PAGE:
How Do Sparklers Work? Here's The Science Behind These 4th Of July Favorites — VIDEO
You probably spent a decent amount of time as a kid waving sparklers around on the Fourth of July, but did you ever stop to wonder how sparklers actually work? After all, they kind of defy expectations: Normally, when you light something on fire it either burns or, in case of regular fireworks, explodes. How do sparklers just, well, sparkle? Here to finally answer that question for you is the American Chemical Society in a new video.
I grew up in a state that heavily restricted what kind of fireworks you could buy, but sparklers were everywhere on the Fourth of July — because it wasn't like we had many other options. I was always skeptical of them, though. It wasn't until I was 10 or 11 that I honestly believed they weren't going to burn me. After all, they were launching a shower of fiery sparks into the air — how could they not burn you?
But it turns out there's a good reason why sparklers work the way they work, and it all comes down to the various ingredients that go into making them. And while this scientific explanation might not have made much sense to me as a child, as an adult, it's pretty fascinating.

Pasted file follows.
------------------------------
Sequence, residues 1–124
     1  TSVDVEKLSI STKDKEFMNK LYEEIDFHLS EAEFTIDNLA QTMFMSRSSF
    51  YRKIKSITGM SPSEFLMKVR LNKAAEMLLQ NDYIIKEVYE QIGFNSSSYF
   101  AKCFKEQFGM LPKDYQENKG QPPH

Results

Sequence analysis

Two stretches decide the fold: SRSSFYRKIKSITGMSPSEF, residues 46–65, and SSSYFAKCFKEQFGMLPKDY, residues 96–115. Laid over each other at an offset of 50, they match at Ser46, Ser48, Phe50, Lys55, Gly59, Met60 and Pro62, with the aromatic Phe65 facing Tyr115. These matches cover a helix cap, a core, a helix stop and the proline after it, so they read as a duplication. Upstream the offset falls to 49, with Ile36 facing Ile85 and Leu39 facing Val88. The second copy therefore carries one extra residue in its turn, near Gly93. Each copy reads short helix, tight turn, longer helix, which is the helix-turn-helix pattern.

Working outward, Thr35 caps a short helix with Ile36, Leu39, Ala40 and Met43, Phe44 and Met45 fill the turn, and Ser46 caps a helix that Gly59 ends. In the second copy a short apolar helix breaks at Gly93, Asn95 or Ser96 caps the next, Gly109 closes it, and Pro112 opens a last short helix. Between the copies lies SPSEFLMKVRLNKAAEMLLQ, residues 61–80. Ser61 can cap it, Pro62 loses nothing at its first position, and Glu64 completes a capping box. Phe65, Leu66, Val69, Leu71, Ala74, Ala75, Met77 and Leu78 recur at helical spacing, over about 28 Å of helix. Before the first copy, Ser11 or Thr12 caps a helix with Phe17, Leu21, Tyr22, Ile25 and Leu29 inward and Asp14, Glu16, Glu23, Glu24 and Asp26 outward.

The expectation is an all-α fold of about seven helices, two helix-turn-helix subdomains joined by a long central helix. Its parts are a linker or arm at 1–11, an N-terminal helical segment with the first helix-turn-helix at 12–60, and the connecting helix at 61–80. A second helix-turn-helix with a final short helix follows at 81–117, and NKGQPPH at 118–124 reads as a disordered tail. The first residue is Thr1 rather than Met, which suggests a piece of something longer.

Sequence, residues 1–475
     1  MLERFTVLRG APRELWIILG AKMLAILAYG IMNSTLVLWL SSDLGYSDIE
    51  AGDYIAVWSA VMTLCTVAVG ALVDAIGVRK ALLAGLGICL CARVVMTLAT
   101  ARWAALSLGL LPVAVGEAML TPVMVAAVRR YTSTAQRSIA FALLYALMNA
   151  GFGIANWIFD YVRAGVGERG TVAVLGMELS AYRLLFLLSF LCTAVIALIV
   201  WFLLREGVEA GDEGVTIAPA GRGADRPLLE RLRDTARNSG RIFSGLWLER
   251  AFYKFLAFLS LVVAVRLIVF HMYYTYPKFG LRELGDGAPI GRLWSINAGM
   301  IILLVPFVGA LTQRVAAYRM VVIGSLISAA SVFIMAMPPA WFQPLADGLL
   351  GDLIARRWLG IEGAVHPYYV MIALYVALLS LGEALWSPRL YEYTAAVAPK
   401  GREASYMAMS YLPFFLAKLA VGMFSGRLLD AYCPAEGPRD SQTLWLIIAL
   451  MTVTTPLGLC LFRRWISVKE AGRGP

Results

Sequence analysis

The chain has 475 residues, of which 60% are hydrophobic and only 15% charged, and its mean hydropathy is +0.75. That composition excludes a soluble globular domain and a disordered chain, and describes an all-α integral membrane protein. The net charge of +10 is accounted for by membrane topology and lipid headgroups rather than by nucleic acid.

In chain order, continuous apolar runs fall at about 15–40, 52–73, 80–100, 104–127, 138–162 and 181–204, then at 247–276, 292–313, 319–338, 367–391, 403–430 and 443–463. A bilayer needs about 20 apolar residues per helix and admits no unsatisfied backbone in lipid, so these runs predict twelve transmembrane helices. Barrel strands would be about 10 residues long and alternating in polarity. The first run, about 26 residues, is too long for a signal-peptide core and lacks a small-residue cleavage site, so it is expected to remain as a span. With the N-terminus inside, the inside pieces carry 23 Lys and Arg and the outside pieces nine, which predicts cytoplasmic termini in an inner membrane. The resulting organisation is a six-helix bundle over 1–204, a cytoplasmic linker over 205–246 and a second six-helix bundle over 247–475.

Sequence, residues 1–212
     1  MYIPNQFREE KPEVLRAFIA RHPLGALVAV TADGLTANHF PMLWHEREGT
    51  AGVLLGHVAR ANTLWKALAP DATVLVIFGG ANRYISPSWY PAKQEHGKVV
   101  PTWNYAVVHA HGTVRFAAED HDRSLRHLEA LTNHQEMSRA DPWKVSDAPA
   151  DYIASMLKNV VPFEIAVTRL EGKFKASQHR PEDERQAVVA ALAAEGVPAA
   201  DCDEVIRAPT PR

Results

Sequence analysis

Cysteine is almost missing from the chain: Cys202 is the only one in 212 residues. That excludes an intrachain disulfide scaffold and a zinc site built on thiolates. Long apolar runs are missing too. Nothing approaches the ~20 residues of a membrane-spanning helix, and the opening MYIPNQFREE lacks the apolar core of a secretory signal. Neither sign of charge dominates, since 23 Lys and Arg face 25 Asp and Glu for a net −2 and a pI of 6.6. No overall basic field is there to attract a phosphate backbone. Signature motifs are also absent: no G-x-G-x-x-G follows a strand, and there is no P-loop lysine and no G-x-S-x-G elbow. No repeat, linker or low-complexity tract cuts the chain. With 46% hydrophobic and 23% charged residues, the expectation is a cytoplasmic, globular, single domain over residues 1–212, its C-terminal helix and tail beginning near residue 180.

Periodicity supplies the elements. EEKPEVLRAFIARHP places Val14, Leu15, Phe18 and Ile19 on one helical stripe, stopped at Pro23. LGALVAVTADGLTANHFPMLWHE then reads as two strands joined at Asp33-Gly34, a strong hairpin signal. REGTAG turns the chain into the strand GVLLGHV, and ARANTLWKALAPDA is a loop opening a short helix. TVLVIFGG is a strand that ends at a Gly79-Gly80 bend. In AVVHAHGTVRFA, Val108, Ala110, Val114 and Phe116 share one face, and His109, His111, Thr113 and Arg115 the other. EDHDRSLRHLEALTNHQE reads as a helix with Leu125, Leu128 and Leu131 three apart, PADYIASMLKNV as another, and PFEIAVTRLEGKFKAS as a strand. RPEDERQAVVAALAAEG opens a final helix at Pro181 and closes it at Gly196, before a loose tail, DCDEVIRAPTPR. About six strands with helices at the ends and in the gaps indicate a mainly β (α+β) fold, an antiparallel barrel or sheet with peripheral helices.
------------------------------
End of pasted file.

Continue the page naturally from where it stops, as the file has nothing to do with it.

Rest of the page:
Here's the basic breakdown:
1. Sparklers Have A Few Key Components
A sparkler consists of an iron rod coated in a combustible paste that has several chemical components (the ones listed here).
2. The Reaction Is Fueled By Oxygen
When you light the sparkler, these components are fueled by oxygen; they also chemically break down into (among other things) more oxygen, further fueling the reaction so that it can be even more dramatic.
3. The Binding Slows It Down
So why doesn't it all burn up in a hurry? Because there are chemical components that not only bind the ingredients together, but also slow the process down so you can enjoy it longer.
4. So Why Doesn't It Burn You?
And this is the real question. The answer isn't because sparklers aren't hot; in fact, the little metal bits that break off and burn in the air can get over 2,000 degrees Fahrenheit, more than 10 times the boiling temperature of water. But because the pieces are so incredibly small, they still don't have very much thermal energy, no matter how hot they burn. So there isn't enough thermal energy to hurt your skin.
Neat, right? May your holiday weekend celebrations be full of sparklers and fun. Happy Fourth of July!
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